Personal offence must be taken into account in any debate regarding the censorship of the media. Citizens of Arabic nations are largely in favor of media censorship, with 70% even calling for tighter regulations and controls upon ‘violent and romantic’ content. This 70% finds depictions of such things upsetting, disturbing, and offensive, and would thus prefer not to have themselves or their children exposed to them. The counter-argument, of course, is that the media is driven by the will of the people – if people did not want to see such things, they would not watch them, and thus filmmakers would avoid depicting them in order to save their profits. Indeed, many Arabic censorship customs are self-imposed in just such a manner. The problem arrives when media made under such government-and-self-censorship conditions are exported to the Arabic diaspora worldwide. People of Arabic descent living in parts of the world where censorship is less rife almost sometimes find the cultural productions of their homelands to be confusing and possibly even inferior to those offered by their adopted homes, largely due to the restricted amount of content and stories which can be touched upon due to censorship. Meanwhile, Arabic filmmakers living abroad are dismayed to discover that their productions cannot reach their intended audience due to political and cultural taboos regarding that which can and cannot be shown upon a screen. 

Freedom of Expression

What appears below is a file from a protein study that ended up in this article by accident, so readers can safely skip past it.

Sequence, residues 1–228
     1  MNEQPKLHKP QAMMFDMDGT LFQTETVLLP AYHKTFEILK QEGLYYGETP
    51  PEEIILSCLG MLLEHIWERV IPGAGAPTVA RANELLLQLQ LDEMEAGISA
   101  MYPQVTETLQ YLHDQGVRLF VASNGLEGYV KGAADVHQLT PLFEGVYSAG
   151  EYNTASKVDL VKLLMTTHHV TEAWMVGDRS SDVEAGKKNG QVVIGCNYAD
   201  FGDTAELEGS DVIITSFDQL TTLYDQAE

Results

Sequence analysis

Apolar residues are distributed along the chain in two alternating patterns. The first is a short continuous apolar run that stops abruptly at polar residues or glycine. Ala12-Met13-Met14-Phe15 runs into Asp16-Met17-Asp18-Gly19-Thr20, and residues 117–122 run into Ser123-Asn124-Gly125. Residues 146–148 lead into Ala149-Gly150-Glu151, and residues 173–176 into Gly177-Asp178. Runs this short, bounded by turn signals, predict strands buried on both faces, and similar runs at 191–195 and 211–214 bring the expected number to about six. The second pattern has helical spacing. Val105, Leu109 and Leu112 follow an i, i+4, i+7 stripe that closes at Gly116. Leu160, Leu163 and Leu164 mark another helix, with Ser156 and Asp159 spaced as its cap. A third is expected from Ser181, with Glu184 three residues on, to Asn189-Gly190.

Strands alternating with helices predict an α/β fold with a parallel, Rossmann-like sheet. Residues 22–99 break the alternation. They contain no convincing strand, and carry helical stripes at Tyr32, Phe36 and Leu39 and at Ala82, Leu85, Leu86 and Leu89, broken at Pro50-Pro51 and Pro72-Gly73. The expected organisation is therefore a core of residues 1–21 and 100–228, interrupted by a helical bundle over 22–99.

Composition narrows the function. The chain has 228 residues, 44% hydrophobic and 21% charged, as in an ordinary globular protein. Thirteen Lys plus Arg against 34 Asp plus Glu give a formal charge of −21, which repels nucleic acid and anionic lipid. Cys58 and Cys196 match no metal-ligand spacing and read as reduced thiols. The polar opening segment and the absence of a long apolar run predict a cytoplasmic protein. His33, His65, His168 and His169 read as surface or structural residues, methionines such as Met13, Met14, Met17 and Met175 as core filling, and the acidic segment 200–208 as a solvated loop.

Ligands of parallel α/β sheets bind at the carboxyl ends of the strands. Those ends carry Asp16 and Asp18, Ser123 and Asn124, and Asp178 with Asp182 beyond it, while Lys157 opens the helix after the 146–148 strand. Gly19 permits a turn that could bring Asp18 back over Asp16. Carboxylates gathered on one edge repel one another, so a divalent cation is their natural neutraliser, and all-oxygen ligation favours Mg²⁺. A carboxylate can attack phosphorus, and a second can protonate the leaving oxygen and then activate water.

The position of many European and American commentators upon the topic is that Saudi-Arabian style censorship is a curtailment of freedoms and artistic expression which naturally stifles the end result. Commentators from the US cite the First Amendment, and condemn nations with strict censorship practices accordingly. However, many of these Western anti-censorship voices miss one essential point – that censorship is by no means a phenomenon restricted to Arabic and Islamic nations. In the UK, the British Board of Film Classification applies an age-related category to each and every film released in the UK. This, they state, is to protect children from viewing ‘unsuitable’ content at a young age. The production teams of films frequently remove scenes in order to gain a lower age rating for their feature, which in effect acts as a form of self-censorship. The US operates a body known as the Federal Communications Commission (FCC) in order to vet the media and remove content deemed morally damaging or unsuitable. State and local authorities are also allowed to apply their own guidelines and regulations upon film content. In addition, several US television networks have strict rules governing their shows, which effectively allow them to prevent the expression of that which does not fit their own viewpoints and opinions. Much of the resultant censorship has been contradictory and confusing. For example, the Fox Broadcasting Company has a notoriously hardline attitude towards swearing, nudity, and the exposure of liberal views on their shows. They famously censored ‘The Simpsons’ on a variety of occasions – much to the frustration of the writers. However, they appear to have no problem with broadcasting features depicting gory murders, rapes, and even a live suicide.